Students planning to enroll in California state colleges and universities may be asked to declare their sexual orientation from next year on application or enrollment forms, in an effort to gauge the size of the LGBT (Lesbian Gay Bisexual and Transgender) population.

Though the move is largely seen as positive by the gay community, it also raises concerns regarding an individual's right to privacy, despite the students being free to not answer the question if they don't want to.

Since 2006, the University of California (UC) has used an informal poll about campus life to document students' sexuality, without registering their names. But documenting sexuality from the enrollment form is rather uncommon for any educational institution.

An obscure state-law that encourages the state college authorities to explore whether they are offering adequate services, such as counseling for the students, is apparently the reason behind the new development, Los Angeles Times reported.

It would be useful to know if we are under-serving the population, Jesse Bernal, the UC system's interim diversity coordinator told LA Times. In addition, giving students the opportunity to answer such questions, sends a positive message of inclusiveness to LGBT students and creates an environment that is inclusive and welcoming of diverse populations, he added.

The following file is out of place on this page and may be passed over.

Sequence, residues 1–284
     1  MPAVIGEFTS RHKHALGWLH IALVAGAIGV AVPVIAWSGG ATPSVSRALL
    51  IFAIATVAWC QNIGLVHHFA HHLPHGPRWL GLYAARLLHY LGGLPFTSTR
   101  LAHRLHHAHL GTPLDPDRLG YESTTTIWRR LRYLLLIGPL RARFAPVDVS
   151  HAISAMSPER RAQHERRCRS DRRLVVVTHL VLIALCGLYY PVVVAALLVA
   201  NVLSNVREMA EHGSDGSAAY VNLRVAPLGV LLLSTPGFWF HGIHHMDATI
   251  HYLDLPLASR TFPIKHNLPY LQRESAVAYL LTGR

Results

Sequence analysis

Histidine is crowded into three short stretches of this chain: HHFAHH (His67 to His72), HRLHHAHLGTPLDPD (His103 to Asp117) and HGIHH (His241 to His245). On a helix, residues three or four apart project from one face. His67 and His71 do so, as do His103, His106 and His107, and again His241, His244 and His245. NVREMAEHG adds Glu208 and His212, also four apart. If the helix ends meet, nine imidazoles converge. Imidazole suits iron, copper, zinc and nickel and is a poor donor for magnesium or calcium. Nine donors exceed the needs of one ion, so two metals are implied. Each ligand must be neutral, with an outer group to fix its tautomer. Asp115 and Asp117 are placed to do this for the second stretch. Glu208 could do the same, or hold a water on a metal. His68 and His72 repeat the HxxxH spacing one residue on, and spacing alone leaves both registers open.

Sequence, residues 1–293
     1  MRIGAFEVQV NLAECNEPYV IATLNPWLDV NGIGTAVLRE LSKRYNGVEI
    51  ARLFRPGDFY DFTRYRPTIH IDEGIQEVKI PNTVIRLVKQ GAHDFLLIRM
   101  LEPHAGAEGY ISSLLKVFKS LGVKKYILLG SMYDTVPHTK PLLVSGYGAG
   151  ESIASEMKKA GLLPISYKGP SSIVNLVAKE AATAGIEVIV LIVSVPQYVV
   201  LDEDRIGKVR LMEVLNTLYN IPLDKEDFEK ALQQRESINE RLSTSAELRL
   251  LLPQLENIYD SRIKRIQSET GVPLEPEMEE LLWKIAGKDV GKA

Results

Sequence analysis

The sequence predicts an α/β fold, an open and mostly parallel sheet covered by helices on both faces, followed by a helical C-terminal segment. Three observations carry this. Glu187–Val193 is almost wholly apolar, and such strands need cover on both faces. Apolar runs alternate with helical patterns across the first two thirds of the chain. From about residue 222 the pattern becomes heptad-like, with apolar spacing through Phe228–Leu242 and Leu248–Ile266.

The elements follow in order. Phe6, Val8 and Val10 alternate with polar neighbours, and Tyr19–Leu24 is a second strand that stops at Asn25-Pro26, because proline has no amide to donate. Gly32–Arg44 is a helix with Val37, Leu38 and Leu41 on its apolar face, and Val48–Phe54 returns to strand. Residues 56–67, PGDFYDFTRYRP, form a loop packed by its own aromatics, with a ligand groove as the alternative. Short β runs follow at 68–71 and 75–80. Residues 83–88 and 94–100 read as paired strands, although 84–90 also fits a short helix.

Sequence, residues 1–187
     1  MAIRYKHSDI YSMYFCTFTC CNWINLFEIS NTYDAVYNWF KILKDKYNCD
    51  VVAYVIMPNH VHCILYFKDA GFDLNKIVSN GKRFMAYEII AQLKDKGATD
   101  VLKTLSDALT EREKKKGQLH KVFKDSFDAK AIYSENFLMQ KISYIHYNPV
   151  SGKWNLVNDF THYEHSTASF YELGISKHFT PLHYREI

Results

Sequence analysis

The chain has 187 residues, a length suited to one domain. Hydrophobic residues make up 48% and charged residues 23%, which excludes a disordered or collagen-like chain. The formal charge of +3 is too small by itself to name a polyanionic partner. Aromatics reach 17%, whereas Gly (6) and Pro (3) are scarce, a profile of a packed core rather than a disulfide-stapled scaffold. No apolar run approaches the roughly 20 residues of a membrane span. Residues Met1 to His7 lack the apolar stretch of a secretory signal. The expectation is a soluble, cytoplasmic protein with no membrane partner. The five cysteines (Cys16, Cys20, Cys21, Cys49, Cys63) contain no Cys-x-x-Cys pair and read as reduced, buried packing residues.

Vincent Vigio, the director of LGBT Resource Center at the University of Southern California, called it an empowering move.

It gives numbers to an invisible population, Vigio told NBC.

However, people have expressed concern that since parents can see students' applications, writing about sexual orientation in the forms may lead to friction in their family lives, given the conservative outlook many parents still maintain. It is also feared that data could be misused or improperly divulged, putting the students' personal lives in jeopardy.

Elmhurst College, a private school in Illinois, is reportedly the first in the US to ask applicants to fill in details about their sexual orientation.